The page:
United StatesNevada

Lawmaker says special session needed despite Sisolak’s hesitation

Nevada Assemblyman Chris Edwards

(The Center Square) – Lawmakers and policymakers are not surprised at Gov. Steve Sisolak’s decision to not call an immediate second special session.

“It’s somewhat unsurprising that the governor is not calling another special session, given that he has shown hesitation about doing so from the start,” Michael Schaus, communications director at Nevada Policy Research Institute, told The Center Square.

Assemblyman Chris Edwards, R-Las Vegas, told The Center Square that delaying a second special session is prudent considering how the first one to discuss the state’s billion-dollar budget shortfall went.

“Gov. Sisolak’s special session was not prepared well, did not have a plan, and was the worst executed,” Edwards said. “He failed catastrophically to communicate or lead. This should have taken no more than 3 days.”

Sisolak announced that he would only call for another special session when he thinks Nevada’s legislature is ready to participate thoroughly and efficiently. Policy issues to be discussed during the second session include criminal justice reform and protections for Nevada workers as they deal with life in the time of COVID-19.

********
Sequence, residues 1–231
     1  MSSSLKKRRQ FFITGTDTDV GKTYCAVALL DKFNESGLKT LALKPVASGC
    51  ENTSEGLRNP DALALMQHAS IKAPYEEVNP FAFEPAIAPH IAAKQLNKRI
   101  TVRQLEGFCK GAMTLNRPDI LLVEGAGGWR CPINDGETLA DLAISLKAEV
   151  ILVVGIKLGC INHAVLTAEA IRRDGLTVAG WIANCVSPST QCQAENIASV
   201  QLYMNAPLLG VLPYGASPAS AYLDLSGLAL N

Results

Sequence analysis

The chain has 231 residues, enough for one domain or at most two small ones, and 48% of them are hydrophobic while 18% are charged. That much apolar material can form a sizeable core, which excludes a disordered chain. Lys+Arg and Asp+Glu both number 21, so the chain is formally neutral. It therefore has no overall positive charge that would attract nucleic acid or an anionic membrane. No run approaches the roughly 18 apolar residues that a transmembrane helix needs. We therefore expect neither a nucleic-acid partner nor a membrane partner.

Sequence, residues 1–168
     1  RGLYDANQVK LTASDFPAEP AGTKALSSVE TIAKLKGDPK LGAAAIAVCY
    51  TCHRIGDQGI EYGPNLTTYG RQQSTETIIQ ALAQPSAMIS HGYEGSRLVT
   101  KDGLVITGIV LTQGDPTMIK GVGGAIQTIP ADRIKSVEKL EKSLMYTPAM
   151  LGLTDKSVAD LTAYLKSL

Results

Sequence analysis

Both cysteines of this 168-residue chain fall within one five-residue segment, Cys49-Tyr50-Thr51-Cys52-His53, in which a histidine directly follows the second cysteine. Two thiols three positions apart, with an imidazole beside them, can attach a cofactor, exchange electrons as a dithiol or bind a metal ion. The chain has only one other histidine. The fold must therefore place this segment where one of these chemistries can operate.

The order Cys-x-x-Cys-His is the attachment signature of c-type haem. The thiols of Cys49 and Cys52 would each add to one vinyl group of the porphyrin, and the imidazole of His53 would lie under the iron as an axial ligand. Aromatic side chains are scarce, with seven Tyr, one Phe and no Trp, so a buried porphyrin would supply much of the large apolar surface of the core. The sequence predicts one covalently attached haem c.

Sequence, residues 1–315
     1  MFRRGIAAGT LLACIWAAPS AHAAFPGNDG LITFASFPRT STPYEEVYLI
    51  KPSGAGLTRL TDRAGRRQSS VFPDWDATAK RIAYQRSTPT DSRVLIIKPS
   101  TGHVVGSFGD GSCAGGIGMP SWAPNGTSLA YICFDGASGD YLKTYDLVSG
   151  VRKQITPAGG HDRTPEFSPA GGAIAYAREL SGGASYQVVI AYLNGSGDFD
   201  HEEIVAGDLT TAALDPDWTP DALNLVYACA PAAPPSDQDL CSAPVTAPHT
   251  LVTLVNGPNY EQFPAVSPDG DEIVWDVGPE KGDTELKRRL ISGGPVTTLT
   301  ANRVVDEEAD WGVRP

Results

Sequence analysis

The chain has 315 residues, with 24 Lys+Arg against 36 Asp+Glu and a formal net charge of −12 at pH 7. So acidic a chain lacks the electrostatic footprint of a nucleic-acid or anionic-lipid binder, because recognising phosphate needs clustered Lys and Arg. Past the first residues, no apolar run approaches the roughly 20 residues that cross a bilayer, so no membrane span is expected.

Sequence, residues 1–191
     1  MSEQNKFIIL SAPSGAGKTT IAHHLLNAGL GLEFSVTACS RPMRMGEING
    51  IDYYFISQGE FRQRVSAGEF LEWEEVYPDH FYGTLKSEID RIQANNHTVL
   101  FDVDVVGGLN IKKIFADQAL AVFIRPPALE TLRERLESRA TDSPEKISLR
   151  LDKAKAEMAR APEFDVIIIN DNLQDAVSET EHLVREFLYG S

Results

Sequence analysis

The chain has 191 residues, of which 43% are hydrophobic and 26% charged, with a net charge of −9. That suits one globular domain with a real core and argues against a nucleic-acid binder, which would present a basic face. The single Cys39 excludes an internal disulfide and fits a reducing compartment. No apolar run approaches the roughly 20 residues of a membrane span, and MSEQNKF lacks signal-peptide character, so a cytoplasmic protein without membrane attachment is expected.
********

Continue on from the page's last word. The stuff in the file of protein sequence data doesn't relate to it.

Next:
Schaus said part of the governor’s hesitation may be based on the fact that the senate majority leader has repeatedly killed criminal justice reforms put forward by her own party in the past.

“Given that she is an active deputy district attorney, and thus historically hostile to much-needed criminal justice reforms, it seems possible that the governor has political concerns about a special session focused on such reforms,” Schaus said.

Edwards said that a second session is needed to address the issues with the state Department of Employment, Training and Rehabilitation to get Nevadans the unemployment benefits they need. Months after the start of the pandemic, Edwards said he still receives calls and emails from constituents who have not yet received assistance.

“A special session is needed to fix several problems if we are to get Nevada back on track,” Edwards said. “The question is, will the governor care more about the needs of Nevadans or is he stuck on his own selfish wants?”

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